Original Research

Three protagonists in B.W. Vilakazi’s “Ezinkomponi” (“On the mine compounds”)

N. Zondi
Literator | Vol 32, No 2 | a17 | DOI: https://doi.org/10.4102/lit.v32i2.17 | © 2011 N. Zondi | This work is licensed under CC Attribution 4.0
Submitted: 22 June 2011 | Published: 22 June 2011

About the author(s)

N. Zondi, Department of IsiZulu Namagugu, University of Zululand, South Africa

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In this poem the great Zulu poet B.W. Vilakazi is preoccupied with the surreal scene of a gold mine compound in the 1940s Johannesburg, and reflects on the three protagonists of the drama that plays out in front of him: the miners, mine magnates and the heavy machinery, all things that drive the entire enterprise of enslaving the workers. Feelings flood his imagination: about the terrible status of the miners (with whom he identifies); what they have left behind, their dreams and the reality they battle with; the unfeeling and overwhelming spectre of industrialisation, and distant capitalist interests; and the instruments of oppression: the deafening mine machines. These three protagonists(especially the first and the third,) assume human characteristics and fight to justify their respective roles in the conflict. Vilakazi’s famous protest poem becomes a cry for help in the face of destructive industrial advancement as everpresent human drama, which pits values of gold/ and money against what is more fully human and worth living for; possibly unachievable present prosperity against a vision of future happiness and fulfilment.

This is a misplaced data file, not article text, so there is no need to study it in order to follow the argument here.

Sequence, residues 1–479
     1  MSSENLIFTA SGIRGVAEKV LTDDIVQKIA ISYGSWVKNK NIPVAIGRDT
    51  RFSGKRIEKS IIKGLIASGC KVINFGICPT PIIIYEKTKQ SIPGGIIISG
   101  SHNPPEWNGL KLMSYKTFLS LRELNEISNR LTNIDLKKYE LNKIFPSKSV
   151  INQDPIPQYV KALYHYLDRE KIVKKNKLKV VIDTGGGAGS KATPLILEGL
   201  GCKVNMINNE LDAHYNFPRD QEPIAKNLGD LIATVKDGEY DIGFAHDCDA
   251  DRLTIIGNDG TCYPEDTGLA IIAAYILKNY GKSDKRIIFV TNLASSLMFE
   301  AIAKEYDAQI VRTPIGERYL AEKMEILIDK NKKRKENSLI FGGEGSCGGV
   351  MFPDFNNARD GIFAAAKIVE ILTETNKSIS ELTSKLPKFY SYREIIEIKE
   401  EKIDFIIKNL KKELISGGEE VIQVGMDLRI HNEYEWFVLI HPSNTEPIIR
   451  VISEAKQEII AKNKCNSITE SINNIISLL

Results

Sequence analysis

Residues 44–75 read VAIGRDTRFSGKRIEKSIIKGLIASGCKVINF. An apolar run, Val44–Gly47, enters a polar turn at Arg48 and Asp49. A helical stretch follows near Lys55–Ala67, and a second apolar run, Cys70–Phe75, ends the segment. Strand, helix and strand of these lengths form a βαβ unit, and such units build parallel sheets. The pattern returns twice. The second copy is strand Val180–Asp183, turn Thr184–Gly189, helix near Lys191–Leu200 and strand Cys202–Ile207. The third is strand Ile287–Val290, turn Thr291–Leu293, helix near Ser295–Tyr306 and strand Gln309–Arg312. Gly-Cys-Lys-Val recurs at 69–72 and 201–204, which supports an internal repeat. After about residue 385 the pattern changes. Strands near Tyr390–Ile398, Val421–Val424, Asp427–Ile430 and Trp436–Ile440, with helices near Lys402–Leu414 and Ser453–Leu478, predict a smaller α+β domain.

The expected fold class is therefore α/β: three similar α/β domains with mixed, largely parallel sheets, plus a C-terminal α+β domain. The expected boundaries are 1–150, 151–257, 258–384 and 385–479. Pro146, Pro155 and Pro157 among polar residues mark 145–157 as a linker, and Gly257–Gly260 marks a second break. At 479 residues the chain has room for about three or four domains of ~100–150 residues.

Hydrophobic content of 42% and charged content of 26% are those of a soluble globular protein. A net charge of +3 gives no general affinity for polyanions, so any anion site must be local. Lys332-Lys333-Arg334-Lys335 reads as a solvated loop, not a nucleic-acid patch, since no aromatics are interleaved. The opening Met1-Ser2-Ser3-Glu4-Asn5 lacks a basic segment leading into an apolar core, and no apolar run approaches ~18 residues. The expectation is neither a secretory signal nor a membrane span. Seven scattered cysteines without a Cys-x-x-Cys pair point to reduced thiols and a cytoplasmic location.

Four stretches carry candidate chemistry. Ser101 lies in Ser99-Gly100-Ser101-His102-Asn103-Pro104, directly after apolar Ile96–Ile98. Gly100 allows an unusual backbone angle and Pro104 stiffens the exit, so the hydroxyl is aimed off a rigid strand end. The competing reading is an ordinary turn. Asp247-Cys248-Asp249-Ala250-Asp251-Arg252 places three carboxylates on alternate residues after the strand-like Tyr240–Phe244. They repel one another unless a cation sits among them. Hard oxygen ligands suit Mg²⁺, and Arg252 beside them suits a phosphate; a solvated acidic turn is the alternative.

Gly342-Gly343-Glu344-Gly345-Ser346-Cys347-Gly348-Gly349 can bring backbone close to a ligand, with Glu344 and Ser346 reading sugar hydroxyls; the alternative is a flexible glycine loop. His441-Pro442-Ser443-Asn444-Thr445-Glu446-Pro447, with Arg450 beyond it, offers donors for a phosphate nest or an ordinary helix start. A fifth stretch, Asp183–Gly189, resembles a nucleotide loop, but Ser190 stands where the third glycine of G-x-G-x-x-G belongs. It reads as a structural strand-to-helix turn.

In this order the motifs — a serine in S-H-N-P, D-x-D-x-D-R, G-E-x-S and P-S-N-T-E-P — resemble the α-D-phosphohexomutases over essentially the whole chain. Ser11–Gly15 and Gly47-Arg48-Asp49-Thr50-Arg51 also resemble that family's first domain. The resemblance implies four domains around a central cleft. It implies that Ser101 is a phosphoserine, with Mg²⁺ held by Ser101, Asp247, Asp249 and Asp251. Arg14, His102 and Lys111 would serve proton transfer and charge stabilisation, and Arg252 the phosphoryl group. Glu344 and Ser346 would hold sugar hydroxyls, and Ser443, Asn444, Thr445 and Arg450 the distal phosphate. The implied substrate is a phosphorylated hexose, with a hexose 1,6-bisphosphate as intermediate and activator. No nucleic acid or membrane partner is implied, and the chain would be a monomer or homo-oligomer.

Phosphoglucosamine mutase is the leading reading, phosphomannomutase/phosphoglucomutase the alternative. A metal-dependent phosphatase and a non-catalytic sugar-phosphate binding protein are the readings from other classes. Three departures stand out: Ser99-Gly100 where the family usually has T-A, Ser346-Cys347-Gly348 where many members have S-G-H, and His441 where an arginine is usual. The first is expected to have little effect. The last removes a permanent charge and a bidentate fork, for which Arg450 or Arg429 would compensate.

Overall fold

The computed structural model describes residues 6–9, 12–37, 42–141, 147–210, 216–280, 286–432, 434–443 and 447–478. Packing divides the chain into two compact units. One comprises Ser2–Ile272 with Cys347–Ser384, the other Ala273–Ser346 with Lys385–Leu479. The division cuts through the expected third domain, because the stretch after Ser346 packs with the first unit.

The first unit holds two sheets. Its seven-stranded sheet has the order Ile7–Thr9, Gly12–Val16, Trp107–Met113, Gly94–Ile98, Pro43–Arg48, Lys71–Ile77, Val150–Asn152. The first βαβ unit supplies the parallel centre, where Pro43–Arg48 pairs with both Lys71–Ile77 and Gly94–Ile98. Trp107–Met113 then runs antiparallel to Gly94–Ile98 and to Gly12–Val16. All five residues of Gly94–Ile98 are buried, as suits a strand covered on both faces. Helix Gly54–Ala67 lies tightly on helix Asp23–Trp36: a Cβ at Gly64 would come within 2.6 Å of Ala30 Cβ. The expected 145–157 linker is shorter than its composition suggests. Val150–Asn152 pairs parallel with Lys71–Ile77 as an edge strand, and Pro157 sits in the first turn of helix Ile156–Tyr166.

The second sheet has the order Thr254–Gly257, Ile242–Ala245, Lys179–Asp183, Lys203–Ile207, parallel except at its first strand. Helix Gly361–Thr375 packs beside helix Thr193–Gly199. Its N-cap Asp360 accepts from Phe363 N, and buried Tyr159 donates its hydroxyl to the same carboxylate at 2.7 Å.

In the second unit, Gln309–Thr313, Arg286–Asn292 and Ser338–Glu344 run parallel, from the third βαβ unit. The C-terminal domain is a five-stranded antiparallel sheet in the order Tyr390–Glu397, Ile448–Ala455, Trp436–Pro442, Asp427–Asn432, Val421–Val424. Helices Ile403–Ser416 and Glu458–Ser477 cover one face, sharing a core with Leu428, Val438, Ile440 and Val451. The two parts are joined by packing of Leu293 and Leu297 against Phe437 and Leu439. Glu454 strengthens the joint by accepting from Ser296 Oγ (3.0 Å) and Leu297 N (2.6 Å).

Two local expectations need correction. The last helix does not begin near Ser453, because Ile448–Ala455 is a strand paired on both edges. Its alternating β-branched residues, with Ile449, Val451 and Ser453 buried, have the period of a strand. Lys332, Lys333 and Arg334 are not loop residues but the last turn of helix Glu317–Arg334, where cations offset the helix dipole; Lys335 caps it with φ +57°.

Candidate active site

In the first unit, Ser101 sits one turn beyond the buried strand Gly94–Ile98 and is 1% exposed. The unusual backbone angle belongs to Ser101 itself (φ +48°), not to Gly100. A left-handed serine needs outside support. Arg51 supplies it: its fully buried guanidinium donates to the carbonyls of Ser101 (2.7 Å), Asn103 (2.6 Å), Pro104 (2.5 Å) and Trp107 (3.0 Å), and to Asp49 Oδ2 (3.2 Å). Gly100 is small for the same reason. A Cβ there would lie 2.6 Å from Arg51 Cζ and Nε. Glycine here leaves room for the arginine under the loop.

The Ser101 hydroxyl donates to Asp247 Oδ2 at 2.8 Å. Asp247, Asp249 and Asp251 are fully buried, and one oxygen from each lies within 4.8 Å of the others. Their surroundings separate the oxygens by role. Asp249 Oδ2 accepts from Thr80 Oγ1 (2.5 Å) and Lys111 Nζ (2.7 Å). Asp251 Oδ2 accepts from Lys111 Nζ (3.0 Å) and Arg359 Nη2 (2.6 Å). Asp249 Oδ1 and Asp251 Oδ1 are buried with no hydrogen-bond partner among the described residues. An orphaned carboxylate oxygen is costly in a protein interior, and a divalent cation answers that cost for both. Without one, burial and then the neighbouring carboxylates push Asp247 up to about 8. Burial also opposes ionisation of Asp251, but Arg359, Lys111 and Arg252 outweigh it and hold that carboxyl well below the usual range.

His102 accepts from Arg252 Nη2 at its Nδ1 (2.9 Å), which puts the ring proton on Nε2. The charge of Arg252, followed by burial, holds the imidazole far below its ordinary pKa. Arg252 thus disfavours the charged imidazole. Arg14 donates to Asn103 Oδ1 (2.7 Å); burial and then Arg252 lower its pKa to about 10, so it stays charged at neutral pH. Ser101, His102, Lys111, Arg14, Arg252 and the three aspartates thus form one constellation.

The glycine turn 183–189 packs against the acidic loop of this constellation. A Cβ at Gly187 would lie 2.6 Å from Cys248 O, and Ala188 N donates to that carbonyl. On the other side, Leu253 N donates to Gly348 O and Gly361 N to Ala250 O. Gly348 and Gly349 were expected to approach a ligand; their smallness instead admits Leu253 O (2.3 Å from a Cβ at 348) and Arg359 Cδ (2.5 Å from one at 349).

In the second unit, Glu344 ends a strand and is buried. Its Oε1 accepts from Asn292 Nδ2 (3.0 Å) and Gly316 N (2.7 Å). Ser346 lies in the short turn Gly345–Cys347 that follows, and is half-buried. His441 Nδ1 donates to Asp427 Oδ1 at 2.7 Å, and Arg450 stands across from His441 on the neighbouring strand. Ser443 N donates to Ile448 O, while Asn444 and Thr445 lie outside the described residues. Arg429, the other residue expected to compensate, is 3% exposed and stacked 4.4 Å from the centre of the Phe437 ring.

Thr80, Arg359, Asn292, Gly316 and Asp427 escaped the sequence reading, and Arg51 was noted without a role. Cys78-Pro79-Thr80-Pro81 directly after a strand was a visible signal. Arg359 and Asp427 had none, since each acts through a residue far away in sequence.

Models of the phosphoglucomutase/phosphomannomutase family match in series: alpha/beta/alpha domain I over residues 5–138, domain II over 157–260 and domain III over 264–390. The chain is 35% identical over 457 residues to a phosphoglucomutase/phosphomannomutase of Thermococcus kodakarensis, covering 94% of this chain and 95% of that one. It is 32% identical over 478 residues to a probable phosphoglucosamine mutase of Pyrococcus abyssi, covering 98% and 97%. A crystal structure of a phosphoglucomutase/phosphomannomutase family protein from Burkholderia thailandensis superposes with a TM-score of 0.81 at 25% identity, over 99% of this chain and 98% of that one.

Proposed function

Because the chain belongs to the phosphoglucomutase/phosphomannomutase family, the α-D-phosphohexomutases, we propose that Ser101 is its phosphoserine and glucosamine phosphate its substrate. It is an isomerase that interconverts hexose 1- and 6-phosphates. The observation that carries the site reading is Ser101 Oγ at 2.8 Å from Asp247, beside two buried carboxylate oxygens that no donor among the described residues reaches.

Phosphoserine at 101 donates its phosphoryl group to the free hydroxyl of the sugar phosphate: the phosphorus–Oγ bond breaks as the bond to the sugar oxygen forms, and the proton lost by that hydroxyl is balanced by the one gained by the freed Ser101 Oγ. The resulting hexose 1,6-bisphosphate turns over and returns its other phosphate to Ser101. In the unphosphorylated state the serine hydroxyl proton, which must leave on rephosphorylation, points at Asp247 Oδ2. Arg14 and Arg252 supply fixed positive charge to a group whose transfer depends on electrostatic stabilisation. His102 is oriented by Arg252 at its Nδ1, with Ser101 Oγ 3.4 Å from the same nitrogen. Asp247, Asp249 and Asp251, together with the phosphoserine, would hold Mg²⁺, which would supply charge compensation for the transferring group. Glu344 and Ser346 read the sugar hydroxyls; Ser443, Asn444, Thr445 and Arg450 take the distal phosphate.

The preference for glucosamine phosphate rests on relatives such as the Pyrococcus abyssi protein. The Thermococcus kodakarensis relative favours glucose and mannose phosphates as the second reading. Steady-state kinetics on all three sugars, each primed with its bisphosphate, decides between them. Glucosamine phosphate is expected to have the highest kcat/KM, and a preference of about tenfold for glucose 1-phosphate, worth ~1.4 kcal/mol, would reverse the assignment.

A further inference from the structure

Goldmine; Workers Pain; Suffering; Alienation


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